With a risk premium for oil, the World Economic Forum worried by war

A global risk survey from the WEF found nearly all of the respondents were worried about confrontations between the world's major powers.
By Daniel J. Graeber Follow @dan_graeber Contact the Author   |  Jan. 17, 2018 at 7:53 AM
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Jan. 17 (UPI) -- With this year opening with a geopolitical risk premium for oil prices, a survey from the World Economic Forum said those frictions were a growing concern.

The WEF, in its annual global risks report, said the outlook for the economy in general was positive and world leaders could capitalize on the momentum to address issues ranging from social fractures to the environment. But in a survey of nearly 1,000 respondents, nearly all of them said geopolitical risk was increasing.

"A deteriorating geopolitical landscape is partly to blame for the pessimistic outlook in 2018, with 93 percent of respondents saying they expect political or economic confrontations between major powers to worsen and nearly 80 percent expecting an increase in risks associated with war involving major powers," the report read.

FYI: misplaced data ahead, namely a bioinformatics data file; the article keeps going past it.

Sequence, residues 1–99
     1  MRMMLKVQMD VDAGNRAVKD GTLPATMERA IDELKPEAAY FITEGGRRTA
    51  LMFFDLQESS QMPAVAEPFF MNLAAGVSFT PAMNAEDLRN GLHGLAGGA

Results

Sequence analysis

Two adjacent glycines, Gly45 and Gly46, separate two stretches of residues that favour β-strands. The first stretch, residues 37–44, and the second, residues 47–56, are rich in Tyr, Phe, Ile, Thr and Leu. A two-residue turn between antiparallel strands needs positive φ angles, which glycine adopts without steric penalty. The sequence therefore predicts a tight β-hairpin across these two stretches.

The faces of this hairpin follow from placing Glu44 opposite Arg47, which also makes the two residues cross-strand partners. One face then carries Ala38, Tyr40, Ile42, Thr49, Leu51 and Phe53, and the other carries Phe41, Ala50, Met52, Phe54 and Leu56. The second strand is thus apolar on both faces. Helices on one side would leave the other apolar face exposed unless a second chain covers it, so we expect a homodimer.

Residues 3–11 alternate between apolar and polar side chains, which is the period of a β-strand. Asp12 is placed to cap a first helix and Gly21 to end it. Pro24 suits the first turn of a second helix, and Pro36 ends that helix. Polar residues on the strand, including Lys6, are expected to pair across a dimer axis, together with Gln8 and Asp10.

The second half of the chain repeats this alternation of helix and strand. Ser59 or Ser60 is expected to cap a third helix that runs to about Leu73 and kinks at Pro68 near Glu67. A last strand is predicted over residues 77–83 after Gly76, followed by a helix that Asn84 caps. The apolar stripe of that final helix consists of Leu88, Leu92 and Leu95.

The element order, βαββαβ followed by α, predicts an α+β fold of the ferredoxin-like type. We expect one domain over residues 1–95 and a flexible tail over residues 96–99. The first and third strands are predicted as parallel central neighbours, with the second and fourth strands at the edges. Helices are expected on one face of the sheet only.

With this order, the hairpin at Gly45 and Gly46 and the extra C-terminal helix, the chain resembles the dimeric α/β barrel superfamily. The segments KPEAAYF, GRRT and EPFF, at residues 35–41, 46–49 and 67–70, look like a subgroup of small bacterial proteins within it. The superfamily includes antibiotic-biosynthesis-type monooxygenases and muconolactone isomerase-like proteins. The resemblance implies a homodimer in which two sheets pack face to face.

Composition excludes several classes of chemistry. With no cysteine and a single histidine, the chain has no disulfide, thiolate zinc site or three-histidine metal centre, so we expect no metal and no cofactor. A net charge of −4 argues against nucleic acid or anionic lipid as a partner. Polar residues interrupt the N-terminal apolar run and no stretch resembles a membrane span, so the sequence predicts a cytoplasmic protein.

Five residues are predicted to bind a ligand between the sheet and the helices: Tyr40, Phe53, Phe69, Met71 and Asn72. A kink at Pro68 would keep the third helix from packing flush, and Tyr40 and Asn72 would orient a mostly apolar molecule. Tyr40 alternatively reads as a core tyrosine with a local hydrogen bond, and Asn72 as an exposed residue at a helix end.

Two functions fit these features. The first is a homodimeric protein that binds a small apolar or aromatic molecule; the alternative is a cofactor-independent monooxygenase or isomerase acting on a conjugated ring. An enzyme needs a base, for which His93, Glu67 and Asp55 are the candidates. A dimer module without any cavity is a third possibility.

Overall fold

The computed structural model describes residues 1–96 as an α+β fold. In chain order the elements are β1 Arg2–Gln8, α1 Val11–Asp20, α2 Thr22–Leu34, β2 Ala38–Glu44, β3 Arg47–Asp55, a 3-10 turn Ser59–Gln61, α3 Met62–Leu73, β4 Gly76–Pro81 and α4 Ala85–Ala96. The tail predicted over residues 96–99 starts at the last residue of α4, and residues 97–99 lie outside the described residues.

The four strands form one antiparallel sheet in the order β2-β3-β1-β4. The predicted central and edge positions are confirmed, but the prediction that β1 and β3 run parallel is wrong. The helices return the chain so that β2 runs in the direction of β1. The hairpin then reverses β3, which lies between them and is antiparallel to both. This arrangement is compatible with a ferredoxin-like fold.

World Bank President Jim Yong Kim said last year that global economic momentum was "robust," but warned the interdependent world that normally binds peace to deeper levels of connectivity was "falling apart and countries and peoples are pulling away from each other."

This year started with political unrest in Iran, one of the main producers in the Organization of Petroleum Exporting Countries. That added to concerns that U.S. President Donald Trump would scrap the multilateral nuclear deal that lets Iranian oil flow through European markets at a time when market analysts are looking at a narrowing gap between supply and demand.

In a message on the New Year, U.N. Secretary-General António Guterres issued a red alert instead of an appeal.

Asked about trends for 2018, Joe McMonigle, a senior energy analyst at Hedgeye Risk Management, told UPI there could be "a few geopolitical lottery tickets in 2018."

In November, analysts at Morgan Stanley said an oversupplied market for oil, a situation that pushed oil prices below $30 per barrel in early 2015, is a market that's more or less immune to geopolitical risk. With a tighter situation this year, the bank said "oil markets may become increasingly vulnerable to political unrest."

The WEF's report said the norms that offered some stability in the post-Cold War order are over.

"The world has moved into a new and unsettling geopolitical phase," it read. "It is not just multipolar, but multiconceptual."

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